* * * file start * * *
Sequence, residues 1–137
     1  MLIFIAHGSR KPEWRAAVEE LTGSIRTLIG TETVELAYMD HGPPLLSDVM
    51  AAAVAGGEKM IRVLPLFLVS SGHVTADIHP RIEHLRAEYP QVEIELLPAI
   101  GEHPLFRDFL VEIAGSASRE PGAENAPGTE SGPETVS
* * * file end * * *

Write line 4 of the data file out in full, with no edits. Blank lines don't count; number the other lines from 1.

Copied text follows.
   101  GEHPLFRDFL VEIAGSASRE PGAENAPGTE SGPETVS